In addition to federal laws such as the TCPA and FERPA, colleges and universities should be aware of several key industry policies when it comes to sending text messages to students and their families. There are two telecommunication industry organizations that are particularly notable: The Cellular Telecommunications Industry Association (CTIA) and the Mobile Marketing Association (MMA).
The CTIA is a not-for-profit trade association for the wireless communication industry in the United States. Members include wireless carriers and suppliers, as well as manufacturers of wireless products and services, such as Amazon, Apple, AT&T, Comcast, Google, Samsung, T-Mobile, and Verizon.
The CTIA has guidelines for text message marketing. While the CTIA cannot fine you, it sometimes runs audits to catch violations, so it’s best to make sure your text message campaigns comply with CTIA regulations. Mainstay monitors any blocked or flagged messages to provide data insights and help avoid issues moving forward.
When it comes to opt-in requirements, the CTIA is much more stringent than the TCPA. Especially when it comes to SMS short codes — the 5 to 6-digit phone numbers used to opt customers into an SMS marketing program and send text messages — the CTIA requires that your disclosure must:
- Specify that the program includes recurring, and not one-time, text messages (“subscribe to receive recurring SMS offers”)
- Include instructions for opting out of receiving future text messages through the SMS program (“text STOP to opt out”)
- Indicate that sending and receiving texts may incur costs from the recipient’s mobile carrier (“message and data rates may apply”)
When TCPA regulations and CTIA guidelines are both taken into consideration, an introductory text message for an SMS marketing program may look like this:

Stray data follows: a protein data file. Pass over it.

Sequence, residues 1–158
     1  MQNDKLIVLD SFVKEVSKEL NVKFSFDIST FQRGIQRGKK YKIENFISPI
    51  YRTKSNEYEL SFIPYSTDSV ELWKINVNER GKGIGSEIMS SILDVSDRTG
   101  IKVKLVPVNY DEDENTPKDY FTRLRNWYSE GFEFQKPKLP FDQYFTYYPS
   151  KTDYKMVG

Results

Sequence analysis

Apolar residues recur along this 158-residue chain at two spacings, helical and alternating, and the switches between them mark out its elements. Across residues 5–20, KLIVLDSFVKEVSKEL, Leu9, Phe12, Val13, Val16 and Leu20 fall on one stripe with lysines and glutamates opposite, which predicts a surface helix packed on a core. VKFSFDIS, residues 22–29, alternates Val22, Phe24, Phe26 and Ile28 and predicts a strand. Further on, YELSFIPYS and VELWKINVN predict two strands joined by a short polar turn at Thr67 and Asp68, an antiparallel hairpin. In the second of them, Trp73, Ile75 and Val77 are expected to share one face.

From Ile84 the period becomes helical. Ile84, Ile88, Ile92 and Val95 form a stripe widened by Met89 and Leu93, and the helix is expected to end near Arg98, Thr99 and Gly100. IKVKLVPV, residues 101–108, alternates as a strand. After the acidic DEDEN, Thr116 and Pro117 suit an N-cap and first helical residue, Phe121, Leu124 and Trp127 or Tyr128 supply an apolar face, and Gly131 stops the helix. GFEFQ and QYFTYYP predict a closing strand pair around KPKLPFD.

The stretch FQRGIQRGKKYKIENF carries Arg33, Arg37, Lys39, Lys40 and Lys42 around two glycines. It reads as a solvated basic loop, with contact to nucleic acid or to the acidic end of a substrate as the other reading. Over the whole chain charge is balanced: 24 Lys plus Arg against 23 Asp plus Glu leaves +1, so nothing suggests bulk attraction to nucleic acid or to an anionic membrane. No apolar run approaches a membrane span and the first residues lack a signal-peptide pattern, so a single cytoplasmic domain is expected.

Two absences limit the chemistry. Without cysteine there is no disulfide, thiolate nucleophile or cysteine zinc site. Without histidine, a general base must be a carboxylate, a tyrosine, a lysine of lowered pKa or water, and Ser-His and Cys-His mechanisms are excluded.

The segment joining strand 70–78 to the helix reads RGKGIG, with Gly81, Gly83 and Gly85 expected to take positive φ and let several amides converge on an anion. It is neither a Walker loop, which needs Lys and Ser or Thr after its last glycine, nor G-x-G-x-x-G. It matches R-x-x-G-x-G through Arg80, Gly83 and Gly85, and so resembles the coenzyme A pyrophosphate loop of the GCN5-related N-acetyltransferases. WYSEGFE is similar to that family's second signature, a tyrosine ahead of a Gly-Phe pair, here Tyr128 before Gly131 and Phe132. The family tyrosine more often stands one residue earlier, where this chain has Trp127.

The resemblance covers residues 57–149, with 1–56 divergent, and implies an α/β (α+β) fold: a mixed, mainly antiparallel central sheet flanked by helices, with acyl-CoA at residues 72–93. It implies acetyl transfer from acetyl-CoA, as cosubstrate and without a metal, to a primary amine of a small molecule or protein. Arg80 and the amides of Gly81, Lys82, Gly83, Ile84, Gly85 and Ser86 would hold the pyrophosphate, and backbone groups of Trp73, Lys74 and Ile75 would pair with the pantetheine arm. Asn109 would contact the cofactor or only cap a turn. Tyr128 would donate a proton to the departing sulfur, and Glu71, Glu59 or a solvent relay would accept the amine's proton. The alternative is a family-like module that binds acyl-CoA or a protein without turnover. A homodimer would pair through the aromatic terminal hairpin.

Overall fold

Hey! This is Thunder from WTAMU University. I can help answer your questions about all thing WT and I'll update you about what's happening on campus!
Shoot me a text any time you have a question! (Msg + data rates apply.) If I don't know the answer, I'll get a human to help. 😊 (Text #PAUSE to unsubscribe.)
In addition to including opt-out instructions in the disclosure, the CTIA also requires that a recipient’s phone number be automatically and immediately removed from your texting program if they unsubscribe. Once a student has unsubscribed, the only message you can send them is a single text to confirm that their request has been successfully processed. Mainstay’s Student Engagement Platform registers this data automatically to prevent students from receiving future messages if they text STOP or #PAUSE, which is Mainstay’s custom opt-out command.
The good news is that students can always re-subscribe to text messaging, even if they opted out previously. If a student re-subscribes, you can resume sending them SMS messages.
How to follow MMA guidelines for texting students
The Mobile Marketing Association (MMA) is another telecommunications industry association that publishes best-practice guidelines for text message marketing. Members include American Express, Facebook, Google, MasterCard, McDonalds, Microsoft, Coca-Cola, Visa, Walmart, and many more. MMA guidelines are not enforced by any particular group; instead, they are designed to help provide an optimal experience for customers.
For higher education institutions, some key MMA guidelines to consider include:
- Web opt-ins: If a student opts in to your text messaging program via your website, your system should send a text to the number provided asking them to confirm the opt-in. This ensures that the person who completes the webform is the owner of the phone.